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Ramadan Comes With a New Burden

National Yemen

Asma al-Mohattwari

“My father said this Ramadan we will not eat Sambosa and creme caramels,” Ahmed sadly said.

This is a time that Yemen suffers from a high rate of poverty of 54.5%, the unemployment rate among young people in Yemen is 60%, and 4.5 million Yemenis or 22% of the population were found to be severely food insecure and require food assistance because they are unable to find enough food to feed themselves on a daily basis. Some 5 million Yemenis are in danger of slipping into severe food insecurity. Ramadan came to add a new burden on the citizen and is considered the greatest economic challenges faced by Yemeni families each year. Families are used to spending in Ramadan double the amount they spend during other months.

This year it is difficult for most families to secure Ramadan requirements and they suffer from low per capita income, electricity cuts, and a lack of oil. According to the Ministry of Industry and Trade, Yemeni ports received during January until the end of last May more than two million tons of food, including 500,000 tons of wheat, 1,114 tons flour, 185,200 tons of sugar, 164,186 tons of rice, 18,136 tons of milk powder, and 42,841 tons of oil.

Yemen has received food and preparations and television shows featuring goods and food products, but purchasing is still weak because of low incomes, savings, and investment. All these causes and factors impacted negatively on the rate of overall productivity of the national economy and the deterioration of per capita income and standard of living.

Abdualrahem al-Hakemi, shopkeeper of foodstuffs, said that in the past all his customers bought Ramadan requirements weeks ago but this Ramadan they came only one day before. “Most of them bought food and delay the money to the end of the month for they didn’t have its cost and they really only take the very necessary food.”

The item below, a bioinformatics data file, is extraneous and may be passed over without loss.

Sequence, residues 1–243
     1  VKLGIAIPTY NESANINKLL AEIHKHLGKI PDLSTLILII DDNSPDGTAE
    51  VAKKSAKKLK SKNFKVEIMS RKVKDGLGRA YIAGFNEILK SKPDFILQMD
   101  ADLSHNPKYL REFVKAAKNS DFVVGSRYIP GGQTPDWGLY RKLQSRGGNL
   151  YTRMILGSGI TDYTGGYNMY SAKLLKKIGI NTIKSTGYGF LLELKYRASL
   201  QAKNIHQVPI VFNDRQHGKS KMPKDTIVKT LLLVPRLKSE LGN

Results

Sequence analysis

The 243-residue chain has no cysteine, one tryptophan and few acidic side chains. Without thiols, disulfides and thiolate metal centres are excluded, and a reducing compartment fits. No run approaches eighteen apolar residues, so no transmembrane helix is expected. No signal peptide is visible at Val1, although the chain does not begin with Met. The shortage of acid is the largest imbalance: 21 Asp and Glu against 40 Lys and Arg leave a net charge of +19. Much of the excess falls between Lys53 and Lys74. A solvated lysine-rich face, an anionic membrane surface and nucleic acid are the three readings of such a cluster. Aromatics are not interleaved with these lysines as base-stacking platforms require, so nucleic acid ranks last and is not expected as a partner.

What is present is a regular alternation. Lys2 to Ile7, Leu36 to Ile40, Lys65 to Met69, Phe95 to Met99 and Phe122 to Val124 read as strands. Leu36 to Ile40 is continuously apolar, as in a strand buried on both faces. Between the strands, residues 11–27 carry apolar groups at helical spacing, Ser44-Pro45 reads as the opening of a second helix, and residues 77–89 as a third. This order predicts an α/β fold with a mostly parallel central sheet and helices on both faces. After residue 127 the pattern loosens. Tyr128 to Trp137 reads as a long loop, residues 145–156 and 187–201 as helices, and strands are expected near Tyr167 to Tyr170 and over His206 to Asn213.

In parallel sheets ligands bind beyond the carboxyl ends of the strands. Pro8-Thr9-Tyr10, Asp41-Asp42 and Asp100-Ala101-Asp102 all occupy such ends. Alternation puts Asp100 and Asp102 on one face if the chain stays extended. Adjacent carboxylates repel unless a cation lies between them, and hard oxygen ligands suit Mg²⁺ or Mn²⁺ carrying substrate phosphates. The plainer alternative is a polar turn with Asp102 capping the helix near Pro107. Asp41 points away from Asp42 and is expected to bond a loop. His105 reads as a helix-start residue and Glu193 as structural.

Many supermarkets offer special prices before Ramadan and people are trying to take advantage of the tempting offers. Elham al-Emad said that not all the things that they want have special prices.“I am trying to buy the most important things. Actually this month is for worshiping and to feel the suffering of the real poor and insured people.”

Yemen is famous for its popular dishes and the food that is commonplace in every Yemeni house throughout the year, but Ramadan is distinguished from the rest of the months with its special fare. Some food is closely related to Ramadan in the hearts of Yemenis, giving fasters a special sense of the holiday they celebrate foods like Sambosas, Shafoot, Shurba, and different kinds of desserts. Some families decided to forego some dishes because they don’t have the income to make it in this holy month. Ahmed, a child, was playing in his neighborhood telling his friends “my father said this Ramadan we will not eat sambosas and creme caramel.”

Mohammed Ala, economist, said that Yemen has natural economic resources in different areas, like minerals, oil, fish and agricultural products and the cause of its poverty is the misuse of these resources by the ruling authorities. “If these resources were properly utilized and were distributed equitably to all residents, poverty would vanish and Yemen would elevate to become a wealthy country” he added.